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Identification of a novel archaea virus, detected in hydrocarbon polluted Hungarian and Canadian samples

  • János Molnár,

    Roles Data curation, Investigation, Software, Visualization

    Affiliation Department of Biotechnology, Nanophagetherapy Center, Enviroinvest Corporation, Pécs, Hungary

  • Balázs Magyar,

    Roles Investigation, Resources

    Affiliation Biocentrum Ltd., Gyongyosoroszi, Hungary

  • György Schneider,

    Roles Investigation

    Affiliation Institute of Medical Microbiology and Immunology, University of Pécs, Pécs, Hungary

  • Krisztián Laczi,

    Roles Investigation, Resources

    Affiliation Department of Biotechnology, University of Szeged, Szeged, Hungary

  • Sarshad K. Valappil,

    Roles Investigation

    Affiliation Department of Biotechnology, University of Szeged, Szeged, Hungary

  • Árpád L. Kovács,

    Roles Conceptualization, Funding acquisition, Resources

    Affiliation Department of Biotechnology, Nanophagetherapy Center, Enviroinvest Corporation, Pécs, Hungary

  • Ildikó K. Nagy,

    Roles Investigation

    Affiliation Department of Biotechnology, Nanophagetherapy Center, Enviroinvest Corporation, Pécs, Hungary

  • Gábor Rákhely,

    Roles Conceptualization, Methodology, Resources, Supervision, Writing – review & editing

    Affiliations Department of Biotechnology, University of Szeged, Szeged, Hungary, Institute of Biophysics, Biological Research Center, Szeged, Hungary

  • Tamás Kovács

    Roles Conceptualization, Funding acquisition, Project administration, Supervision, Writing – original draft, Writing – review & editing

    Affiliation Department of Biotechnology, Nanophagetherapy Center, Enviroinvest Corporation, Pécs, Hungary

Identification of a novel archaea virus, detected in hydrocarbon polluted Hungarian and Canadian samples

  • János Molnár, 
  • Balázs Magyar, 
  • György Schneider, 
  • Krisztián Laczi, 
  • Sarshad K. Valappil, 
  • Árpád L. Kovács, 
  • Ildikó K. Nagy, 
  • Gábor Rákhely, 
  • Tamás Kovács


Metagenomics is a helpful tool for the analysis of unculturable organisms and viruses. Viruses that target bacteria and archaea play important roles in the microbial diversity of various ecosystems. Here we show that Methanosarcina virus MV (MetMV), the second Methanosarcina sp. virus with a completely determined genome, is characteristic of hydrocarbon pollution in environmental (soil and water) samples. It was highly abundant in Hungarian hydrocarbon polluted samples and its genome was also present in the NCBI SRA database containing reads from hydrocarbon polluted samples collected in Canada, indicating the stability of its niche and the marker feature of this virus. MetMV, as the only currently identified marker virus for pollution in environmental samples, could contribute to the understanding of the complicated network of prokaryotes and their viruses driving the decomposition of environmental pollutants.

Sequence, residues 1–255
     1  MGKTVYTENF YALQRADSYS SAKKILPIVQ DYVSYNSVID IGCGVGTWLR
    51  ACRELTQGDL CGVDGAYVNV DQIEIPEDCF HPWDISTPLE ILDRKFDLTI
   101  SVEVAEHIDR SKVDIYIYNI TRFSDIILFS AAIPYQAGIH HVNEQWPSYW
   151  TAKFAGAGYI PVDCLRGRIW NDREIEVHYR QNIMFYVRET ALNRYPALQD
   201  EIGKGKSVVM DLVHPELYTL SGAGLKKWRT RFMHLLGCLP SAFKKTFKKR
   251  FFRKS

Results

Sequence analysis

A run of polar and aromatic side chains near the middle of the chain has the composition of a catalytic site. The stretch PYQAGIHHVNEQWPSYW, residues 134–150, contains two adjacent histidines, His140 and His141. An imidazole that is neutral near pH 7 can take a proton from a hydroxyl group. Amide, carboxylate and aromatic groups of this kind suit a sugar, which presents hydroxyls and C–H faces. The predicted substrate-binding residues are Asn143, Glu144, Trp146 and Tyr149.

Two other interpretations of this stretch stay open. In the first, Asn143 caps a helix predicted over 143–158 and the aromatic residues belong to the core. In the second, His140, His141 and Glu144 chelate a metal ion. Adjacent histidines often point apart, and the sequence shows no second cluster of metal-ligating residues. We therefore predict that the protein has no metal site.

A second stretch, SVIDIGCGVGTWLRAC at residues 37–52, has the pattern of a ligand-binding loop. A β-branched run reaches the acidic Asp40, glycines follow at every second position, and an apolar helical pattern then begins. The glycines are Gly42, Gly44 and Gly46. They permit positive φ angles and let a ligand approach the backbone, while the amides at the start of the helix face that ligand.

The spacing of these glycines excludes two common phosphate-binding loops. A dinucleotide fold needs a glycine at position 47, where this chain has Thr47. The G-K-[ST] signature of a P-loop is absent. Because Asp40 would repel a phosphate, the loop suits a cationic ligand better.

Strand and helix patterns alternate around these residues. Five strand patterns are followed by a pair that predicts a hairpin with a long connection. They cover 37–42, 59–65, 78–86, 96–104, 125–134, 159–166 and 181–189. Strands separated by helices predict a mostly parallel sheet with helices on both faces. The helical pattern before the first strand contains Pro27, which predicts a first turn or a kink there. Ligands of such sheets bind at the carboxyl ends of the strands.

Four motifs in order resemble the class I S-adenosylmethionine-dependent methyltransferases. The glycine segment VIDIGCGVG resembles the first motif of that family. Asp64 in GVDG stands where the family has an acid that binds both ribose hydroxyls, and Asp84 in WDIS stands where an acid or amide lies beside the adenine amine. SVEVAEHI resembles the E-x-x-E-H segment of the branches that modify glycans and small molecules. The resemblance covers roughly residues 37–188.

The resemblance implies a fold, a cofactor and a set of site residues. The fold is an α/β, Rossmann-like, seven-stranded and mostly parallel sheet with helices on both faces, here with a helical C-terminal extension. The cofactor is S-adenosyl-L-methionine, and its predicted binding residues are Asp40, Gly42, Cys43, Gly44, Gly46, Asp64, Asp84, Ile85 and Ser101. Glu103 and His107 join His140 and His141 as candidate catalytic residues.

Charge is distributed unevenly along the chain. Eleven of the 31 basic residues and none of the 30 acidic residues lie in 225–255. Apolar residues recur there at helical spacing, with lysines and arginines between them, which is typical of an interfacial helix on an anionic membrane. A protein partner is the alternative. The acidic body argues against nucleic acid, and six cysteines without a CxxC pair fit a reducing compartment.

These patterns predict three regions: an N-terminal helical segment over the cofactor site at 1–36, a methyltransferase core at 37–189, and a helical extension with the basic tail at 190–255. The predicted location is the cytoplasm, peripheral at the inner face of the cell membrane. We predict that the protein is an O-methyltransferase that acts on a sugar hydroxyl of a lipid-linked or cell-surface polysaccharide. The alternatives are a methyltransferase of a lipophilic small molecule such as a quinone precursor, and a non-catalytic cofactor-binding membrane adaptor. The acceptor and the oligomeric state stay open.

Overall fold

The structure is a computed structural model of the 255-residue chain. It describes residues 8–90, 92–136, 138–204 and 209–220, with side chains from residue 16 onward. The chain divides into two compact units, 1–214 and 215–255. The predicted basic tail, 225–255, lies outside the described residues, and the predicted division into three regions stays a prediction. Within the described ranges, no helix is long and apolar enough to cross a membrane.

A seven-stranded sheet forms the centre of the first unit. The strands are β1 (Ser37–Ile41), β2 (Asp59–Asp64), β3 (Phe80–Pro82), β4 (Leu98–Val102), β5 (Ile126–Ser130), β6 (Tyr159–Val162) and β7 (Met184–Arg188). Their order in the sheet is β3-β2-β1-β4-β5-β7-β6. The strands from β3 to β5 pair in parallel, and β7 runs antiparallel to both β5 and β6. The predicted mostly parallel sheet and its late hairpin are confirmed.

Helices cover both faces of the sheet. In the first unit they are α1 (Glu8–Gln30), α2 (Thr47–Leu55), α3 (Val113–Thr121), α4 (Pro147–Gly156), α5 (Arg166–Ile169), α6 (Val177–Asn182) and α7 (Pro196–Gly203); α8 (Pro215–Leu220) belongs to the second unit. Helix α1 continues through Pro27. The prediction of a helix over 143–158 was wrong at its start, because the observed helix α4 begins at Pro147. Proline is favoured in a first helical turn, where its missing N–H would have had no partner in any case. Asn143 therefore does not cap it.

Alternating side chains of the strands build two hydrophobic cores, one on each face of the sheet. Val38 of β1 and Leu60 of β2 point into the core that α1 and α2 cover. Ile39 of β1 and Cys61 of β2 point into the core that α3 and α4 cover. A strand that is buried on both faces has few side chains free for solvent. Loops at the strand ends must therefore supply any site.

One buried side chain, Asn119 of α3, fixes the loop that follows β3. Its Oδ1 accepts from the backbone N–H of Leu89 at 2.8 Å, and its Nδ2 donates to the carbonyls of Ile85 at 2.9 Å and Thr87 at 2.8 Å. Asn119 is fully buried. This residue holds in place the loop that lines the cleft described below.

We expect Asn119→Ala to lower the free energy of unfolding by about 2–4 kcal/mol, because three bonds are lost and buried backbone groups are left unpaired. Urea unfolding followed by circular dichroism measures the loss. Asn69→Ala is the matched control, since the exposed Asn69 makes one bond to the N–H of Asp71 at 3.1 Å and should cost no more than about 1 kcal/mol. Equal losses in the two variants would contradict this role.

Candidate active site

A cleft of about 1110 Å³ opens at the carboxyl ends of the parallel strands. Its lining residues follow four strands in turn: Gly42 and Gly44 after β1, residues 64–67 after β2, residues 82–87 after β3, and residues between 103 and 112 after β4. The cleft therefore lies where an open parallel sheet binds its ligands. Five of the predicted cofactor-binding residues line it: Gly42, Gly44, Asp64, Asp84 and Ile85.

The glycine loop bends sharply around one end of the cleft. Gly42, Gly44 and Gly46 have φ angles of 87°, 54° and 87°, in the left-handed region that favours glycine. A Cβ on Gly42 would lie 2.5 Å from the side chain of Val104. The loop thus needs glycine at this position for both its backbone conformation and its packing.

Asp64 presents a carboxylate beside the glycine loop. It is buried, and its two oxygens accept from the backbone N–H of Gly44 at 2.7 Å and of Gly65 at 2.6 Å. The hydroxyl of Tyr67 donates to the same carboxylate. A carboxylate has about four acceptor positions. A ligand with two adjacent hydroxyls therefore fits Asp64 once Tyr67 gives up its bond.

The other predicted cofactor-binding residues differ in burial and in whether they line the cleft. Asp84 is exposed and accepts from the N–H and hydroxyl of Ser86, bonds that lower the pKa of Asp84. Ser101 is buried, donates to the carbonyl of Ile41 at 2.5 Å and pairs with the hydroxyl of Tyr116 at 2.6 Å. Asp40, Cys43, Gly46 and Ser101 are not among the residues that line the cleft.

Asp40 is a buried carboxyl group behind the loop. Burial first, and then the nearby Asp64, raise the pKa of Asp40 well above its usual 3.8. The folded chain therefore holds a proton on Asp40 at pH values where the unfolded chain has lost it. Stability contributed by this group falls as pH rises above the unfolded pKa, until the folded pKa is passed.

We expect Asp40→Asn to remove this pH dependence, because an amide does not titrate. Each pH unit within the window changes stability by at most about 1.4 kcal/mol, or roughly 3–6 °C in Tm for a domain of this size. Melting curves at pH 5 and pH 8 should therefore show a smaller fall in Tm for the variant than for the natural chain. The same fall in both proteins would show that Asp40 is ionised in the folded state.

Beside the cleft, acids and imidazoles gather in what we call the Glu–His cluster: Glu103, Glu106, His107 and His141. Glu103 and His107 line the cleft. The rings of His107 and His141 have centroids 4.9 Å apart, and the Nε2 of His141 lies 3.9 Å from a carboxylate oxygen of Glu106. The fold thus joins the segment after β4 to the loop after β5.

There is a recent trend in identifying viruses from metagenomic sequences [1, 2].

The metagenomic analysis is a useful tool to analyze uncultured prokaryotic abundance and monitor prokaryotic processes and interactions during bioremediation [3] and to optimize the biodegradation of pollutants [4].

It is important to know the dynamic changes of viral environments. Characterizing the virome of a metagenomic sample is frequently hindered by the phenomenon called viral dark matter, i.e. the fact that a high proportion (40–90%) of sequences from a metagenome cannot be aligned to any known organism [5]. Krishnamurthy and Wang identified three factors of viral dark matter: the divergence and length of virus sequences, the limitations of alignment based classification, and limited representation of viruses in reference sequence databases [5]. The value of searching publicly available microbial genome data for fragments of viral genomes has already been demonstrated [6]. These new viral genomes could serve as a useful resource for researchers as they explore the communities of viruses and microbes present in natural environments, the human body and in industrial processes.

Metagenomics analyses of bacterial and archaea viruses are carried out without culturing them. Therefore, their host, usually determined using a culture-based method, remains unknown. Several computational approaches exist to predict bacteriophage and archaea virus hosts, including the comparison of host and virus abundance profile, genetic homology, CRISPR analysis, exact matches of sequences between host and virus, and comparison of oligonucleotide profiles [7]. Each of these methods has disadvantages and their performance depends on several factors [7], such as metagenome composition, database content and host genome characteristics. Therefore, there is still no gold standard for computational discovery of hosts.

Phages and archaeal viruses play a crucial role in the dynamics of microbial diversity in various ecosystems [811], although little is known about these processes. Similar viruses are often highly abundant in similar ecosystems, for example, the crAssphage in human fecal samples [12]. Recently, it was proven that the crAssphage has co-evolved with the human gut microflora over millions of years [13]. In order to identify an abundant archaea virus in hydrocarbon polluted samples, we analyzed metagenomic data from hydrocarbon-contaminated soil. Analysis of an abundant virus genome could facilitate insight into the archaea host-virus relationship, including the ecological role of viruses in complex ecosystems, contributing to a better understanding of the processes that lead to the bioremediation of hydrocarbon pollution.